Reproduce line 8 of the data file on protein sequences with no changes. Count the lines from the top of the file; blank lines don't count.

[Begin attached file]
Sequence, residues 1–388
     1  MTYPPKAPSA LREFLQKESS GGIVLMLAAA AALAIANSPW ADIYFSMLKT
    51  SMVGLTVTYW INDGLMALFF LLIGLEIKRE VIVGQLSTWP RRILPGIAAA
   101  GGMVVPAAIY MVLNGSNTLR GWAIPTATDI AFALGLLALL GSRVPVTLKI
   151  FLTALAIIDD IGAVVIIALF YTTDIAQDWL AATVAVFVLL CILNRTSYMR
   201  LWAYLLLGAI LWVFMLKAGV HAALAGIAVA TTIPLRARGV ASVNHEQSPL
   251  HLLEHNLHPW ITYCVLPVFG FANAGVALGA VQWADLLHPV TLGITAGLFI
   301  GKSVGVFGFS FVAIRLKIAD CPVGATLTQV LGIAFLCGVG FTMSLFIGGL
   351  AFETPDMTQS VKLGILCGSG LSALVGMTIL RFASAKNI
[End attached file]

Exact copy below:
   301  GKSVGVFGFS FVAIRLKIAD CPVGATLTQV LGIAFLCGVG FTMSLFIGGL